Free Audio - Glenn Beck's story of Christmas



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VOICE: The Glenn Beck program brings you the story of Christmas.

GLENN: This is a story, this is a story that has been told so many times. We all know where it begins and how it ends. It's a story of birth and death. Of hope and despair. Of great doubt and even greater faith. That's the part we're going to concentrate on, great doubt and profound faith. As anyone can tell you who has stood at the foot of Abraham Lincoln, the Memorial in Washington D.C. and gazed up into his face, our historical figures are so often painted with such bold strokes that they become more giants than men, yet I believe to truly understand their brilliance, their courage or their faith, we need to see them first as who they really were: People just like us, people with hopes and dreams and fears. Just like us.

In Luke just before the Christmas Story, it talks just a little bit about Mary, the mother of Jesus, being visited by the angel Gabriel. It simply says, "And the angel came to her and said, hail, thou art highly favored. The Lord is with thee. Blessed art thou among women." And then it says, when she saw him, she was troubled. "Fear not, for thou hast found favor with God and behold, thou shalt conceive in thy womb and bring forth a son and shall call his name Jesus." That's the bold stroke of history here. A simple woman called Mary, a young girl from a very orthodox Jewish community and unmarried. And yet, the story only tells us that she was troubled. Imagine the great doubt: "Was I truly visited or was it just a dream. How will I tell my friends, my family? How will I tell my fiance?"

The great doubt, the questions that must have crept into her mind: "Why? Why me? Am I worthy? How am I worthy? How am I to be the mother of the Lord God? He's my savior. How am I to raise him when he's here to literally raise me." How she must have prayed. How much time before that first Christmas did she spend on her knees begging for peace, begging for comfort and guidance. How she must have pleaded for the constant companionship of the comforter, the holy spirit, the breath of heaven.

(Music)

GLENN: Now, on the long journey to Bethlehem from Nazareth in Galilee, Joseph walked and I suppose Mary rode. They were on their way for the census. You see, Joseph was a descendant of King David and he needed to register in Bethlehem, David's hometown. And his fiance, Mary, was heavy with child. We've already talked about her great doubt: "Was I truly visited or was it just a dream? How will I tell my friends, my family? How am I going to tell my fiance?" When she did share the news with Joseph, he planned on leaving her, but he felt enough for her to do it privately, to not publicly shame her. Yet before he acted on his doubt, and no doubt anger, he was visited in his dreams and an angel spoke to Joseph saying, "Joseph, fear not to take Mary unto you as your wife, for that which is conceived in her is of the Holy Ghost and she shall bring forth a son and you shall call him Jesus, and he shall save his people from their sins. And they shall call him Emmanuel."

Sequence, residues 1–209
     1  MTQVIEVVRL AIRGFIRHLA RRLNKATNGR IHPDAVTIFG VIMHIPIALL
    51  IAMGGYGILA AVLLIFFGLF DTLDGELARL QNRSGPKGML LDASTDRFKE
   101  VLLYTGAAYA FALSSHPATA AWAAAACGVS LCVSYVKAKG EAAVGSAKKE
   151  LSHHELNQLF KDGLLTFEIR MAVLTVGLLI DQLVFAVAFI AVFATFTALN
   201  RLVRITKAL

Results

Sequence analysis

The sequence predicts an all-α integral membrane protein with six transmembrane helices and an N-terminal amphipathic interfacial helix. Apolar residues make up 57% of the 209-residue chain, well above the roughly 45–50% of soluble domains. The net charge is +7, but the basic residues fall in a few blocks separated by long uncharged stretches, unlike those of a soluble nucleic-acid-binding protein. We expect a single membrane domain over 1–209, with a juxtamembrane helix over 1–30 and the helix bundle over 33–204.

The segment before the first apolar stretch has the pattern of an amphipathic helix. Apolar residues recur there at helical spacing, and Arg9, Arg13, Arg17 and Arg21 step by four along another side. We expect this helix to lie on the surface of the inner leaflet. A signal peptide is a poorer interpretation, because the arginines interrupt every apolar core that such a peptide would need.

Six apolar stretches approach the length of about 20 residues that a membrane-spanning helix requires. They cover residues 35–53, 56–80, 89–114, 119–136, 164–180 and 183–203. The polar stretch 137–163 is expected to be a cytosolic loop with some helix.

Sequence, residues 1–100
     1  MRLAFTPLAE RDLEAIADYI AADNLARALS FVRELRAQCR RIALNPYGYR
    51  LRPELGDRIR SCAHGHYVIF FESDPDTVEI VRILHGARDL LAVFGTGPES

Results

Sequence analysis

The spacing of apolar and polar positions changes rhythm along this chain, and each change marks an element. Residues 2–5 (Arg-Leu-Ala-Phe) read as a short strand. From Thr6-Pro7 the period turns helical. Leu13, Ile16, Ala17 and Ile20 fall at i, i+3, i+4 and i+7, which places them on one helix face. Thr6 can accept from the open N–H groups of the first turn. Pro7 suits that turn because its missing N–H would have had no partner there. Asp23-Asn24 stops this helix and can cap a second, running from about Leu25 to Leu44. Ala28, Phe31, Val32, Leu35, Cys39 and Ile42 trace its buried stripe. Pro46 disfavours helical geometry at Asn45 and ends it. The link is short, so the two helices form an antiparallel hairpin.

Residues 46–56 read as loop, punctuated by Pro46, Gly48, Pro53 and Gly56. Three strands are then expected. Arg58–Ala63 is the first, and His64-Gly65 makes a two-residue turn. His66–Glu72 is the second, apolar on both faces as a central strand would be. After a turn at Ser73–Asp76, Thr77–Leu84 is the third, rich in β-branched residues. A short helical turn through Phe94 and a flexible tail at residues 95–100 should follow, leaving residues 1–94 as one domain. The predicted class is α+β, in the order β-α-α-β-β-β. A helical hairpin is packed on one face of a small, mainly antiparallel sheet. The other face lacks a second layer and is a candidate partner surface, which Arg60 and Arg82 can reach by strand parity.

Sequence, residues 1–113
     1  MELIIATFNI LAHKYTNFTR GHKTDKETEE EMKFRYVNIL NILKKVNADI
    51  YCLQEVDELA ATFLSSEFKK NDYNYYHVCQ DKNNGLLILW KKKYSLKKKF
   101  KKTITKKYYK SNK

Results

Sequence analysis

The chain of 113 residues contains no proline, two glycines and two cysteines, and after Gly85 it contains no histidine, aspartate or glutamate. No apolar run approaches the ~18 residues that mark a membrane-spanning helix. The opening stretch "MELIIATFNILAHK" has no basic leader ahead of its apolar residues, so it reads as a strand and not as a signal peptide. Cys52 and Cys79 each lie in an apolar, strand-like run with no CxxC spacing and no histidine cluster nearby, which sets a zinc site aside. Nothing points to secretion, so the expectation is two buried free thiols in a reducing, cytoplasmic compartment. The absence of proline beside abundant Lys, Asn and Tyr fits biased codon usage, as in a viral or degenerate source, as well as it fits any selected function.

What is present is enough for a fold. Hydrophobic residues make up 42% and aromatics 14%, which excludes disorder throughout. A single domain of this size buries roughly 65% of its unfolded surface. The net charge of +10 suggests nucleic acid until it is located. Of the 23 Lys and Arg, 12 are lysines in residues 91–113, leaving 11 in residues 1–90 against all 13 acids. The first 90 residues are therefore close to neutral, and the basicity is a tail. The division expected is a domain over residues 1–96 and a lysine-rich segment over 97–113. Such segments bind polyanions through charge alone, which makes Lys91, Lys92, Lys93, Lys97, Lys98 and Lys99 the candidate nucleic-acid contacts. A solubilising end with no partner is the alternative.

Matthew only tells us that after Joseph was raised out of a sleep, he did as he had been told and took unto him his wife Mary. Great doubt? Even greater faith. You know, we almost run by this part of the story every year. Every year we just speed by these two people called Joseph and Mary so we can get to the Christ child part. But let's stop. Let's stop again here and examine this man named Joseph, a guy whose fiance had just told him that "I'm pregnant and not with your child. But don't worry. An angel came to me and said that the child was the son of God and this would be a virgin birth." Great doubt? And then in a dream an angel comes to him.

Now, I don't know about you, but I've had dreams that seem pretty real, the kind that stick with you all day. Let me ask you, what do you think was easier for him to believe? Yet Joseph chose to believe his dream. He chose to believe his fiance. Joseph, the simple man, chose his God. Still, his great doubt couldn't have ended there and now he had to be faced with the same kind of self-doubt that Mary had to confront: "Why me? How can I be a dad to the son of God?"

I remember the Christmas when I feel I began to really become a man. I must have been about 30. And for the first time in my life I wasn't really sure how I was going to provide for my children. Now imagine the fear, the doubt, the profound apprehension Joseph must have faced on that journey knowing that the woman he was now responsible for was about to give birth, not to his son but the son of his heavenly father. And he had yet to find out where.